• Abstract: Publication date: March 2019Source: Journal of Retailing and Consumer Services, Volume 47Author(s): Min Ho Ryu, Yongsun Cho, Daeho Lee Distribution channels have changed rapidly with the advent of online channels, and many companies built an omni-channel by adding online channels to their existing offline channels. However, mall enterprises face difficulties in broadening their distribution channel due to budget constraints, and therefore, most of them still use only one channel, offline or online. To increase their revenue, small-scale enterprises need to decide which will be more efficient, using only one channel or using online and offline channels together. This paper uses stochastic frontier analysis to estimate the technical efficiencies of small-scale enterprises selling clothing or fashion items. In addition, this paper categorizes the enterprises into two groups, those that sell their products only though the online channel and those that use both online and offline channels (omni-channel companies), and compares the efficiencies of the two groups using a meta-frontier analysis. In the results, the omni-channel group is superior to the pure online channel group by 17% in terms of technology gap ratio. These results indicate that the value of offering customers a choice of channel affects the efficiency of a company's earnings, and that the company's channel choice increases the efficiency of resource allocation.
       
  • Will “no-ownership” work for apparel': Implications for
           apparel retailers
    • Abstract: Publication date: March 2019Source: Journal of Retailing and Consumer Services, Volume 47Author(s): Hyejune Park, Cosette M. Joyner Armstrong Collaborative consumption (CC) has significantly changed the way people consume resources from everyday goods to non-product assets. However, despite the rapid growth of CC, adoption has been slow in regards to apparel. Based on the endowment effect claiming that simply owning a good can enhance its perceived worth, this study proposes two deterrents of CC adoption including a sense of ownership and possession-self association, and hypothesizes that these constructs positively affect perceived risk of CC, which in turn impedes adoption intention of CC. Two additional moderators (consumers’ involvement with apparel products, consumers’ emotional attachment to apparel) in the relationship between possession-self bond and perceived risk were also suggested. An online self-administered survey was administered to 1,841 US respondents to test a research model including four different CC modes for apparel, finding support for the endowment effect as a potential barrier to consumer adoption of CC when ownership is removed. Specific managerial implications for CC retailers are provided.
       
  • Getting to know you: Social media personalization as a means of enhancing
           brand loyalty and perceived quality
    • Abstract: Publication date: March 2019Source: Journal of Retailing and Consumer Services, Volume 47Author(s): Tyler Shanahan, Trang P. Tran, Erik C. Taylor Social media has become one of the largest environments of human interaction, with more than 80% of Americans using social media and firm spending on social media marketing more than quadrupling in the past decade. Yet, little is known about the effects of ad personalization in the social media context. This research develops and tests a comprehensive model of personalized advertising in the development of consumer's brand perceptions using 242 responses collected from Amazon Mechanical Turk. Results suggest perceived personalization positively impacts consumer brand engagement and brand attachment, both enhance perceived quality and brand loyalty of brands advertised on Facebook.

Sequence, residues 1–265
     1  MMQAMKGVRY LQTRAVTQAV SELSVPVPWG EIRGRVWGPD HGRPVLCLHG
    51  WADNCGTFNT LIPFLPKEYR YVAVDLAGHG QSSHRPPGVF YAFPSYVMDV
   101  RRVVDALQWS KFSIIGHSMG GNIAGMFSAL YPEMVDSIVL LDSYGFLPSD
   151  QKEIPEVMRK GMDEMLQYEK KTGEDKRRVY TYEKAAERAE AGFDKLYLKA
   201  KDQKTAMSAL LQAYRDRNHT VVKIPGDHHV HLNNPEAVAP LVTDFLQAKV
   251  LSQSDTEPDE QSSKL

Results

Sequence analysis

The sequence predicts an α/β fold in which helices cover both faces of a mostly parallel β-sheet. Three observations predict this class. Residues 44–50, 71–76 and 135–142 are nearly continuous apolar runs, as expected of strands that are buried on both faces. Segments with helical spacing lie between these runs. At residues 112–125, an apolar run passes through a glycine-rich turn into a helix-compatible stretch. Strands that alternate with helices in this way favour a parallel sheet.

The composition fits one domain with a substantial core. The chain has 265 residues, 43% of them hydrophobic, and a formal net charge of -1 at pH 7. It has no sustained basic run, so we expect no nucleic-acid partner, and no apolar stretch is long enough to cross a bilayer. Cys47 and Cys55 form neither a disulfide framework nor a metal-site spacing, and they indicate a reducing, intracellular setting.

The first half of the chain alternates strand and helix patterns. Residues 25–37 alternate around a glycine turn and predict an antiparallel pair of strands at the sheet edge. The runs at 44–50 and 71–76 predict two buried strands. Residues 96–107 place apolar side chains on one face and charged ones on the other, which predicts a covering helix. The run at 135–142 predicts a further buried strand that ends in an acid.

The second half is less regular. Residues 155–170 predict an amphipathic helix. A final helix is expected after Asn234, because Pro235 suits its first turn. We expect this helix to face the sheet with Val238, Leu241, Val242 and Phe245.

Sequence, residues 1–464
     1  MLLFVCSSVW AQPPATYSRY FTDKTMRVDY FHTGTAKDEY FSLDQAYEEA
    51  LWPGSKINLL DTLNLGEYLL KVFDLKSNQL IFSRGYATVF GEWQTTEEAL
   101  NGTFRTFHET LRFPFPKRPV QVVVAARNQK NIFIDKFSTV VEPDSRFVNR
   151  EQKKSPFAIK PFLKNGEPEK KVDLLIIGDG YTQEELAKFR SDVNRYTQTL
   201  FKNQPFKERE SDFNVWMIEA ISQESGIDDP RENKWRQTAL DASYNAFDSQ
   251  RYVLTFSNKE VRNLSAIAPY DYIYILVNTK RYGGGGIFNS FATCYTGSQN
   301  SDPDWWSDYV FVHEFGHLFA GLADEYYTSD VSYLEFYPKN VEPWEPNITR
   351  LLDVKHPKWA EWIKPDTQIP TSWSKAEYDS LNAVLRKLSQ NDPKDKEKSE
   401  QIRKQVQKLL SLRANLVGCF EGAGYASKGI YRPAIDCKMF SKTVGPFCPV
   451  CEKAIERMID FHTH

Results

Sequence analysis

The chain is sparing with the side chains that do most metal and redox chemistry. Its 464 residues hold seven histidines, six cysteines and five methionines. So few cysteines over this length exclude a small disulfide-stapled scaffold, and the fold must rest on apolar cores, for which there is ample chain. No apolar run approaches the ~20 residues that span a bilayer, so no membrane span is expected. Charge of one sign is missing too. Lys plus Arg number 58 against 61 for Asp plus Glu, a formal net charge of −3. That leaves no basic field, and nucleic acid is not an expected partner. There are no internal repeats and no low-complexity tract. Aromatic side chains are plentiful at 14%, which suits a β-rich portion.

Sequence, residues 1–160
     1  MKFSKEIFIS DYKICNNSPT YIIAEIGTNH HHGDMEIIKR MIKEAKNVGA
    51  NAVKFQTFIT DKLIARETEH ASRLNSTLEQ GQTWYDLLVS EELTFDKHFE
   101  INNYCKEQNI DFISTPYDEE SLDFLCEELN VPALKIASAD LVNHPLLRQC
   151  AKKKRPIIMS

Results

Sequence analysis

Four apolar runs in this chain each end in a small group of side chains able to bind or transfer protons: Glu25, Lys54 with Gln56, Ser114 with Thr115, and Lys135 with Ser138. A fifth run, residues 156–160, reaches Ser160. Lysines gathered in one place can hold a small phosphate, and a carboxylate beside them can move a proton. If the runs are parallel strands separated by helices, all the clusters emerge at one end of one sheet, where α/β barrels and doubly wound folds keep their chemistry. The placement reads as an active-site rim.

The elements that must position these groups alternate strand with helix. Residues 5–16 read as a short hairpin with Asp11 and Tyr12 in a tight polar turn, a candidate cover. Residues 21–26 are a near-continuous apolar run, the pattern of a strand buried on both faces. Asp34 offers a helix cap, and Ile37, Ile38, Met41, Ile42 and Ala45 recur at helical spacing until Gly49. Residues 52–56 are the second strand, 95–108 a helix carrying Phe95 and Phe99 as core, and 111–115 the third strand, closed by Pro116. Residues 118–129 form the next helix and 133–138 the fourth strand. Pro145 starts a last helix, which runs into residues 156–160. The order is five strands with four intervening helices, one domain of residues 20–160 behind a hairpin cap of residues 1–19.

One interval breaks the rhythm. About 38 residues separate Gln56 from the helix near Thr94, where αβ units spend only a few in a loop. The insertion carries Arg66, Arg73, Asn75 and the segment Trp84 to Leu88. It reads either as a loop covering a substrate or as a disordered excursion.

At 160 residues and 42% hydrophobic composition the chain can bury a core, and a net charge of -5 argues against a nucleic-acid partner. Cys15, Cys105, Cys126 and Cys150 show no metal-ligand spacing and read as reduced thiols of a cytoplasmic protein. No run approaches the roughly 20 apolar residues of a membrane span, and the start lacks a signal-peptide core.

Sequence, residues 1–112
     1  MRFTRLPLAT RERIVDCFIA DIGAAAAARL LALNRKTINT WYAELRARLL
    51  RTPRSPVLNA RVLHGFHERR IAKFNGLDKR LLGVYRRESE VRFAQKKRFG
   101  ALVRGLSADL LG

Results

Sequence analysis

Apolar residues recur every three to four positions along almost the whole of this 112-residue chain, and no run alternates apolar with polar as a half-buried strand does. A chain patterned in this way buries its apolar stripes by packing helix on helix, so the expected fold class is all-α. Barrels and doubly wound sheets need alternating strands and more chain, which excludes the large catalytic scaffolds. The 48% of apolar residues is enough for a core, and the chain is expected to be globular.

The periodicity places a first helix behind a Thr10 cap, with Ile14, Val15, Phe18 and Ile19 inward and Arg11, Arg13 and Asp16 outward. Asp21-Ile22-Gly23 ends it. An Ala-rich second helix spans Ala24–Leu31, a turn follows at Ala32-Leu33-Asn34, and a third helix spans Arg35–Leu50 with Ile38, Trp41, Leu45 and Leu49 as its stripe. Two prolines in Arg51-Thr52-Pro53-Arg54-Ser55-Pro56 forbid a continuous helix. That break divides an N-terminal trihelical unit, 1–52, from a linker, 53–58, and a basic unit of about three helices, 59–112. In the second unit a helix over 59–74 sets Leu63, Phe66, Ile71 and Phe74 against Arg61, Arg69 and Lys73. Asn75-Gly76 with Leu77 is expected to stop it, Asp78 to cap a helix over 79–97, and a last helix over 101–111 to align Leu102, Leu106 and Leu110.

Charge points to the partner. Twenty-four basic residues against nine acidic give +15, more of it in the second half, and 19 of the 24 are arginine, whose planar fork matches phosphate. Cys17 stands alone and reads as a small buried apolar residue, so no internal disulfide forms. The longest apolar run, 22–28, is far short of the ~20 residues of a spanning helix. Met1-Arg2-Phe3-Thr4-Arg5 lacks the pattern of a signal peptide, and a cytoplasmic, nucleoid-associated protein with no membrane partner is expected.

• Comparing two supermarket layouts: The effect of a middle aisle on basket
           size, spend, trip duration and endcap use
    • Abstract: Publication date: March 2019Source: Journal of Retailing and Consumer Services, Volume 47Author(s): Bill Page, Giang Trinh, Svetlana Bogomolova This paper aims to empirically establish the effectiveness of a supermarket layout with a middle aisle splitting all other aisles, compared to a ‘traditional’ layout (without a middle aisle). Two supermarkets in Australia were matched by size, turnover, population/location, and general layout, except that Store 2 had a middle aisle. The research aims to: (1) explore the shopper traffic entering and existing the middle aisle, and interaction with endcap promotions (which have effectively been doubled by the creation of the middle aisle in Store 2), and (2) compare the two stores based on basket size (in items and dollars) and trip duration. These are typical supermarket metrics, which might differ due to increased opportunities for impulse purchases from the extra endcap displays in the middle aisle. Despite the middle aisle, results show that all performance metrics are almost identical between the two stores on the overall level. However, the store containing the middle aisle sees a higher proportion of trips for under 15 items. Overall use of promotional ends of aisles is the same across both stores, meaning that the use of each endcap is effectively halved.This means that the presence of a middle aisle does not bring any additional value in terms of making the store easier or quicker to navigate. It may provide additional benefits to retailers in terms of giving more promotional space to manufacturers, at the expense of making each endcap half as likely to generate interest. Our additional analysis of the traffic flow near the endcaps suggests that, in most occasions, shoppers pass through the aisle as if there was no break. These results are useful insights to retailers considering remodeling an existing store and manufactures buying endcap space in a store with a middle aisle.